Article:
When dental caries was analyzed using the DMF-T index, there was slight variation in the index from 15 to 24 years, which can be attributed at least in part to the change in criteria used in the period 24. This is a known limitation to the DMF-T index, partially overcome by separate analysis of its components. For example, there was a proportional increase in the filled component (F) of the DMF-T index according to family income at birth, contributing to the increase in the proportion of healthy teeth (restored teeth added to healthy teeth). The opposite happened with the D and M components. Since this index is closely associated with the use of dental services, it is important to analyze its components.

The main oral health problems were statistically associated with lower family income at birth. Studies investigating the influence of family income trajectory from birth to adolescence 25 or to adulthood 5 have shown that upward family income does not completely reverse the adverse effects of exposure to poverty in childhood. These findings corroborate the accumulated lifetime risk model 26 and reinforce the hypothesis of social origin as the principal determinant of health problems. Low-income groups were less exposed to dentifrices and fluoridated water, brushed their teeth less, and used dental services less, all factors heavily associated with dental caries and consequently with toothache and tooth loss resulting from caries and gingival bleeding. Other outcomes like periodontal pocket and soft tissue lesions were not associated with family income (periodontal pocket showed low prevalence in this population, still too young to show a higher prevalence of this condition). Both conditions increased in prevalence as a result of increase in exposure factors like smoking 27. On-going longitudinal studies will allow analyzing the incidence of periodontal disease and soft tissue lesions in this population.

The lifetime approach for understanding health determinants has received growing attention in recent years, especially in developed countries. Longitudinal studies are thus needed, despite the numerous difficulties in this kind of study design.

One of this article's approaches is the description of methodological issues. The success of cohort studies lies at least in part in the control of losses to follow-up. Pelotas is a medium-sized municipality with a low migration rate, which helps limit the losses. In addition, the population's receptiveness to answering the team's questions in their homes also contributed to the high response rate, along with the updated list of cohort members' names and addresses.

When analyzing the main oral health problems, we chose to use the indices and criteria found most commonly in the literature. However, we observed that for follow-up studies, greater detail is needed on some oral conditions, for example by using the DMF-S index in addition to DMF-T. Another important methodological issue is the analysis of diagnostic reproducibility. Weighted kappa index and intraclass correlation coefficient were used in the study at 24 years of age, providing more adequate measures as compared to those obtained with the simple kappa score 28. Inclusion of quality of restorations in the analysis at 24 years of age can be considered another improvement in this type of study. Dentists spend considerable time in their clinical practice replacing restorations 29, and few population-based studies (none of which in a birth cohort) have evaluated the impact of individual patient factors on quality of restorations 30. More detailed analysis of oral lesions in the follow-up at 24 years of age should contribute to prevention and early diagnosis of some oral disorders, thus favoring their treatment and prognosis 31. However, the inclusion of investigation of oral lesions in epidemiological studies remains a challenge. Although the WHO recommends examining soft tissues and the oral mucosa in its manual for epidemiological surveys 17, it proposes a diagnostic classification that is not always possible to obtain through clinical investigation alone, often requiring histopathological examination. The difficulty in applying diagnostic codes and criteria to oral lesions makes population-based studies rare 32,33, so that the majority come from specialized studies 33.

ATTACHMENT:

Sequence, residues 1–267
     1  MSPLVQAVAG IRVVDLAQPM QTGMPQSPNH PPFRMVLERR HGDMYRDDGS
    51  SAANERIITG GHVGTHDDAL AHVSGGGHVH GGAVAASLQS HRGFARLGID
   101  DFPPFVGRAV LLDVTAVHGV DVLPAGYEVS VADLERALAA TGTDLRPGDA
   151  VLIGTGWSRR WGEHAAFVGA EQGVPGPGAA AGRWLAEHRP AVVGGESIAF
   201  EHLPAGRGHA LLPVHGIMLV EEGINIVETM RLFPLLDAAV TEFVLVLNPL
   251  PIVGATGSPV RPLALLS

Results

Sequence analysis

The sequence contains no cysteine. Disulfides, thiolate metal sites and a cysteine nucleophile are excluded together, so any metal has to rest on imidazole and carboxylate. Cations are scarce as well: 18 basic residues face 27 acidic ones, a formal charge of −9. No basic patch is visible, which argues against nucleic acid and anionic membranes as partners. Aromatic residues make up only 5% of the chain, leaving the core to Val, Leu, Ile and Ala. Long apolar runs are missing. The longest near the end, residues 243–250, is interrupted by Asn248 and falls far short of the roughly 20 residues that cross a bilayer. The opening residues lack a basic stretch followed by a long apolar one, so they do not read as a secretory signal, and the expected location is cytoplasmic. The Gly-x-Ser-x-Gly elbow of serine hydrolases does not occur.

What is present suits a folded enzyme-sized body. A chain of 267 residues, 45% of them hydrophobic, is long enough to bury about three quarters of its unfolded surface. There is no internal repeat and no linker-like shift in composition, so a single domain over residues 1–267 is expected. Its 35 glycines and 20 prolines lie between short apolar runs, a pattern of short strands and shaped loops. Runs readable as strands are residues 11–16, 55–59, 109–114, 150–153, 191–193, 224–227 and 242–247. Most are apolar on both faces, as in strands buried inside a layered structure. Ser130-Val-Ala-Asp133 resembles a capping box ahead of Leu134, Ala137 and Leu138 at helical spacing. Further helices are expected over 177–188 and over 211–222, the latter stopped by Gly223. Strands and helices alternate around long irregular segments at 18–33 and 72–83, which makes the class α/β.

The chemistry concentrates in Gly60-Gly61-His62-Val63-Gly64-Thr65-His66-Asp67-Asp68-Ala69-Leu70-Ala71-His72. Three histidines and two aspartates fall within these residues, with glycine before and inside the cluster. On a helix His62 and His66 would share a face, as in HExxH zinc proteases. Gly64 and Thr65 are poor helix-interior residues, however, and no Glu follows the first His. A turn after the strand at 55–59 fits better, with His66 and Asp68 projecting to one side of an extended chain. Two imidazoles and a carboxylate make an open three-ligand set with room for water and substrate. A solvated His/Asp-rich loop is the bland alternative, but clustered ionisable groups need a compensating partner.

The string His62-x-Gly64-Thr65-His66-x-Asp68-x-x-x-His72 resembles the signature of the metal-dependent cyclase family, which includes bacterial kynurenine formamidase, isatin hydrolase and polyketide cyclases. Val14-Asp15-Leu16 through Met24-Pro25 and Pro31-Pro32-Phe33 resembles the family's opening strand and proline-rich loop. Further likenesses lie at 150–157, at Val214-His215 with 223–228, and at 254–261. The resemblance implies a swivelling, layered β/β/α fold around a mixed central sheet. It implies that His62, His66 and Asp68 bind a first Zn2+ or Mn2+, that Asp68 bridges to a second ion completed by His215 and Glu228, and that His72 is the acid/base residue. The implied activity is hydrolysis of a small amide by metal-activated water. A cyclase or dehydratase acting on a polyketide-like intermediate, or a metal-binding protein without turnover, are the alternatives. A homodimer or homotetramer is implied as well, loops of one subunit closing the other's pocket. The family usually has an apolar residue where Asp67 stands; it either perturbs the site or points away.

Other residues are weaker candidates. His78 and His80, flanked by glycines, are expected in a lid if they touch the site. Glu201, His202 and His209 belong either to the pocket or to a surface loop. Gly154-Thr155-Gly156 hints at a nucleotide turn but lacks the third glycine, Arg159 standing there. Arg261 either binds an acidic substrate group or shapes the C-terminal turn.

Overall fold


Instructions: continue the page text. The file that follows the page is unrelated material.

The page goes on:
In addition, oral health studies could expand their scope by incorporating questions on self-rated oral health into the data collection instrument, plus instruments that seek to measure quality of life.

Two oral health studies were conducted with the 1982 Pelotas (Brazil) birth cohort, and the main challenge is to continue following these individuals throughout adulthood. During this period of life, the odds increase that these individuals will move out of the municipality in search of work opportunities, thus greatly hindering this population's follow-up. Other oral health studies have already been included in the more recent Pelotas cohorts (1993 and 2004). These studies will help support the discussion on the oral health transition in recent decades.

 

Contributors

K. G. Peres conceived the article, conducted the data analysis, and wrote the article. M. A. Peres contributed to the research, data analysis, and elaboration of the article's discussion section. F. F. Demarco, S. B. C. Tarquínio, and D. P. Gigante participated in the writing and critical analysis of the article. B. L. Horta collaborated in the article's revision and critical analysis.

 

Acknowledgments

The current study was based on the Live Birth Cohort, Pelotas, 1982, under the Graduate Studies Program in Epidemiology (Programa de Pós-graduação em Epidemiologia, UFPel). The study was financed by the Wellcome Trust Initiative, Major Awards for Latin America on Health Consequences of Population Change. The initial phases were financed by the International Development Research Center, WHO, Overseas Development Administration, European Union, PRONEX, CNPq, and Brazilian Ministry of Health (Ministério da Saúde). K. G. Peres received a scientific research productivity scholarship for this project (CNPq 476985/20045).

 

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Correspondence:
K. G. Peres
Programa de Pós-graduação em Saúde Coletiva, Centro de Ciências da Saúde, Universidade Federal de Santa Catarina.
Campus Florianópolis, Florianópolis, SC
88010-970, Brasil.
karengp@ccs.ufsc.br

Submitted on 10/Apr/2010
Final version resubmitted on 24/Sep/2010
Approved on 07/Feb/2011